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Page:History of Architecture in All Countries Vol 1.djvu/54

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Part I.
HISTORY OF ARCHITECTURE.

VIII.—Construction.

Construction has been shown to be the chief aim and object of the engineer; with him it is all in all, and to construct scientifically and at the same time economically is the beginning and end of his endeavors. It is far otherwise with the architect. Construction ought to be his handmaid, useful to assist him in carrying out his design, but never his mistress, controlling him in the execution of that which he would otherwise think expedient. An architect ought always to allow himself such a margin of strength that he may disregard or play with his construction, and in nine cases out of ten the money spent in obtaining this solidity will be more effective architecturally than twice the amount expended on ornament, however elegant or appropriate that may be.

So convinced were the Egyptians and Greeks of this principle, that they never used any other constructive expedient than a perpendicular wall or prop, supporting a horizontal beam; and half the satisfactory effect of their buildings arises from their adhering to this simple though expensive mode of construction. They were perfectly acquainted with the use of the arch and its properties, but they knew that its employment would introduce complexity and confusion into their designs, and therefore they wisely rejected it. Even to the present day the Hindus refuse to use the arch, though it has long been employed in their country by the Mahometans. As they quaintly express it, "An arch never sleeps;" and it is true that by its thrust and pressure it is always tending to tear a building to pieces; in spite of all counterpoises, whenever the smallest damage is done, it hastens the ruin of a building, which, if more simply constructed, might last for ages.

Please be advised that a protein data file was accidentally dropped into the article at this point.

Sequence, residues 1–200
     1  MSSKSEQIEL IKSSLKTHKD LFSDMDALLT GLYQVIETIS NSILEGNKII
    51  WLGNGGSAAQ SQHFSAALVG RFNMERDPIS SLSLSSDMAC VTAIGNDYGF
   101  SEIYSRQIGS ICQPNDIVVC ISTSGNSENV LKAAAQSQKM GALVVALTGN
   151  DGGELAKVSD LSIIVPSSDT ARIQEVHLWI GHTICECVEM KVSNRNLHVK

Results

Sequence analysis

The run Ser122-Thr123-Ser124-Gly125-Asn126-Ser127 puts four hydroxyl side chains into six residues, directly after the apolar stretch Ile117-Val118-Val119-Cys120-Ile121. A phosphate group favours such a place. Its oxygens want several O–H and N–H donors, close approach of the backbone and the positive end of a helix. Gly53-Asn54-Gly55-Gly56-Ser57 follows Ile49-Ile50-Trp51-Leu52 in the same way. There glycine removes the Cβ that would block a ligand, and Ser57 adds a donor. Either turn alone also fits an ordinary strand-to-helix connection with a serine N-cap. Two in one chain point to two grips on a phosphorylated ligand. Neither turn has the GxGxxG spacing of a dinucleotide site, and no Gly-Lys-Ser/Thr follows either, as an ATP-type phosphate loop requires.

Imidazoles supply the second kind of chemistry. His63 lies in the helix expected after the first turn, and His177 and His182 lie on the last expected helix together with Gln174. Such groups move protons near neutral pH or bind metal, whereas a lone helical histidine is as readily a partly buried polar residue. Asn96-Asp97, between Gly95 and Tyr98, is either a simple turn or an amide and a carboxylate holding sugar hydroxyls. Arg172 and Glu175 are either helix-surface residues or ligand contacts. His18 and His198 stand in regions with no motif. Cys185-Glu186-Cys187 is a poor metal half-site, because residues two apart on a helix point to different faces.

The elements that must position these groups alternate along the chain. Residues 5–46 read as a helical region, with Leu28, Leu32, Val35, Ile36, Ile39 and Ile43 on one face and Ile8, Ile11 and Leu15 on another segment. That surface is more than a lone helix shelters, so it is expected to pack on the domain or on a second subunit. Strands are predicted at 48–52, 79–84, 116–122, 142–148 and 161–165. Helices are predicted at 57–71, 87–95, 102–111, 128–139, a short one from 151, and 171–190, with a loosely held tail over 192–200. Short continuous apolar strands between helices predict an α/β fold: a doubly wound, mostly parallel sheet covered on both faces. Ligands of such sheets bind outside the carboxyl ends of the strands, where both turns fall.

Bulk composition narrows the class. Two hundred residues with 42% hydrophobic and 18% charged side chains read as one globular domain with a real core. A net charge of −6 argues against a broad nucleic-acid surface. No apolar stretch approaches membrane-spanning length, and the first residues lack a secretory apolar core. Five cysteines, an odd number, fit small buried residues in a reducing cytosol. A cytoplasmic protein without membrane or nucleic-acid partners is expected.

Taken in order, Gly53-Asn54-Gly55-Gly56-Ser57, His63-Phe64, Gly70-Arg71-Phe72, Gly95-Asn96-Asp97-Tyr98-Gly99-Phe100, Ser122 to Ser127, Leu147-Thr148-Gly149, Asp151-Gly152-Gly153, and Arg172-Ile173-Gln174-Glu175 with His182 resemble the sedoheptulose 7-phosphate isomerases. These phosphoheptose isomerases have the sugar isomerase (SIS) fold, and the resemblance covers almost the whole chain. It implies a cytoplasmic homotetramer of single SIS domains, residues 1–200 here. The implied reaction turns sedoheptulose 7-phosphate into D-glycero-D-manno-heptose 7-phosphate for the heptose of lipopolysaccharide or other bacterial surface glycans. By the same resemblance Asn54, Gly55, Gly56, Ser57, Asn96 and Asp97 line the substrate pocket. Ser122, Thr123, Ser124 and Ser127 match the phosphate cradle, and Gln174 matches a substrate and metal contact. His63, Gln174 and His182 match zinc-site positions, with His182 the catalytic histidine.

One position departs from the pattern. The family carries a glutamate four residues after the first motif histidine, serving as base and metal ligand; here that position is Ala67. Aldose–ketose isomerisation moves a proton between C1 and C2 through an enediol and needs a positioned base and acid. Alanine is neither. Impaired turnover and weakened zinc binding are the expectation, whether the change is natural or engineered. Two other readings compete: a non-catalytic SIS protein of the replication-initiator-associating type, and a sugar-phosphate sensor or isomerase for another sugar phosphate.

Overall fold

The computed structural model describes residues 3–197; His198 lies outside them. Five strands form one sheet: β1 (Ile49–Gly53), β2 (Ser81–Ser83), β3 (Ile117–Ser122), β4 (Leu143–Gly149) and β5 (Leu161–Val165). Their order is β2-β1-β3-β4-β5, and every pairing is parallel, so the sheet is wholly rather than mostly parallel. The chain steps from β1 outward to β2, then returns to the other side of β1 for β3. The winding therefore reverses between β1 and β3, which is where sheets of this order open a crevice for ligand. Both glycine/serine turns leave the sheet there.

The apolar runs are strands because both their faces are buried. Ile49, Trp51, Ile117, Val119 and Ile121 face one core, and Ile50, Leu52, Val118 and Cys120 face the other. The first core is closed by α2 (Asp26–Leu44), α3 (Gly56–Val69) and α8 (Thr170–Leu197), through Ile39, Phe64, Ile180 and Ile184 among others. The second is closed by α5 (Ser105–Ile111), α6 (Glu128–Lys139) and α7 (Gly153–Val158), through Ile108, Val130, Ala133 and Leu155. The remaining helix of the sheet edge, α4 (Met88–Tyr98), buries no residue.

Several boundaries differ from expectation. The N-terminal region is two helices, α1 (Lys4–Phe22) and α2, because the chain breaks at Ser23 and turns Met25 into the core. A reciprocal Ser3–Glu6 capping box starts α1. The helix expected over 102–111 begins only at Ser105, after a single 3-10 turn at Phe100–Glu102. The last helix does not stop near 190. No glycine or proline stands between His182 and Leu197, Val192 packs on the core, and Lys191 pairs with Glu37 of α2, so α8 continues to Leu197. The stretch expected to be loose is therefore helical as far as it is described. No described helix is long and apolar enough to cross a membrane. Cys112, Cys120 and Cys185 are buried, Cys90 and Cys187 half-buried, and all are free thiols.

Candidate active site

The Romans were the first who introduced a more complicated style. They wanted larger and more complex buildings than had been before required, and they employed brick to a great extent, even in their temples and most monumental buildings. They obtained both space and variety by these means, with comparatively little trouble or expense; but we miss in all their works that repose and harmony which is the great charm that pervades the buildings of their predecessors.

The Gothic architects went even beyond the Romans in this respect. They prided themselves on their constructive skill, and paraded it on all occasions, and often to an extent very destructive of true architectural design. The lower story of a French cathedral is generally very satisfactory; the walls are thick and solid, and the buttresses, when not choked up with chapels, just sufficient for shadow and relief; but the architects of that country were seized with a mania